But your plan makes the error of touting the F as the express, when clearly it’s the V that should be express. The benefit is that people at local stations who are accustomed to taking the F, will still take the F. People at express stations will simply have one new option (the V) that they never had before. Any plan is to be preferred that minimizes the number of passengers who need to learn a new service pattern.

    The other point, which I should have thought was obvious, is that the express surely won’t be 24/7. No one is suggesting that the Culver Line needs two full-time services. So the F should retain its current pattern of serving all stations at all times. The V would be a fill-in service, as it is today on the other parts of its route. This would be much simpler, as no one would ever board an F or V and be in any doubt as to where it’s going.

  4. Gary says:

    Marc, you have a good point. The important thing is we get the enhanced service up and running.

    Ben, great work. I’m putting up a post now.

    And don’t forget to vote today if you are a Brooklyn Democrat – it’s primary day.

  5. (Rev) Daniel Meeter says:

    It’s too bad that the opposition to this possibililty feels like an example of the Brownstone Island problem, that the rest of the borough doesn’t matter.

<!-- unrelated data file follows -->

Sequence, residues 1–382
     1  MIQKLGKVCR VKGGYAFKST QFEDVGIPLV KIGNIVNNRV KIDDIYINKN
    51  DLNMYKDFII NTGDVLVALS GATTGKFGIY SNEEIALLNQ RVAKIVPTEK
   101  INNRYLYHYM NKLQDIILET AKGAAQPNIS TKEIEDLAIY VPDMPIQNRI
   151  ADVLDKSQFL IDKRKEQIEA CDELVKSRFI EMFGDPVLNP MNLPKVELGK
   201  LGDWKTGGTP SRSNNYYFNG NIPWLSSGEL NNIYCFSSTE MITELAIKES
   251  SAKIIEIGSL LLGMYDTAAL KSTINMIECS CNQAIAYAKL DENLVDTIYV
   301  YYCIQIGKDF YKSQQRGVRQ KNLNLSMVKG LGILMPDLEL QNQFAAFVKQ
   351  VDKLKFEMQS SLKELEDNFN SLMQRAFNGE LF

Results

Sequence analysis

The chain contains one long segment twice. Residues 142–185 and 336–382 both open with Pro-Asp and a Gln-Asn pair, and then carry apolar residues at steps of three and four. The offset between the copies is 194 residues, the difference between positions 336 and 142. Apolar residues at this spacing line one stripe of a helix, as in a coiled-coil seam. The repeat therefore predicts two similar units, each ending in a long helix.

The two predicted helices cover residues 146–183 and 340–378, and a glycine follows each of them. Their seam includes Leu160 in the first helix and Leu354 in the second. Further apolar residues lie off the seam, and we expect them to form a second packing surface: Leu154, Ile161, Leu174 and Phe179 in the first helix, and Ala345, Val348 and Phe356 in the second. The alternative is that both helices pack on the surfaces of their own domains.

We have to support the MTA trying a number of alternatives, like what happened with the B and D, and the best way to do it is by actually running them; these can’t be perfectly predicted.

    Imagine if the G were to be extended to Stillwell Ave as part of the mix, either the local or express. Think of all the Russian and Polish riders suddenly taking it between Brooklyn and Queens. Think of all the Bangladeshi and Arab and Indian riders doing the same on the weekends and at nights. Think of all the Latin Americans taking it between Kensington and Jackson Heights on the weekends. If the G were permanently extended out to its off-hours terminus on Queens Boulevard, the access to LaGuardia and Shea and Flushing would be much improved. The G ridership would increase tremendously, not just for Park Slopers going to to party in Williamsburg!
    The track capacity is there.

  6. T to Governor's Island says:

    Ben,

    I love your reply to the shortsighted op-ed, but the F express tracks aren’t the only ones not in service.

    http://nycsubway.org/faq/abandexp.html

  7. Peter says: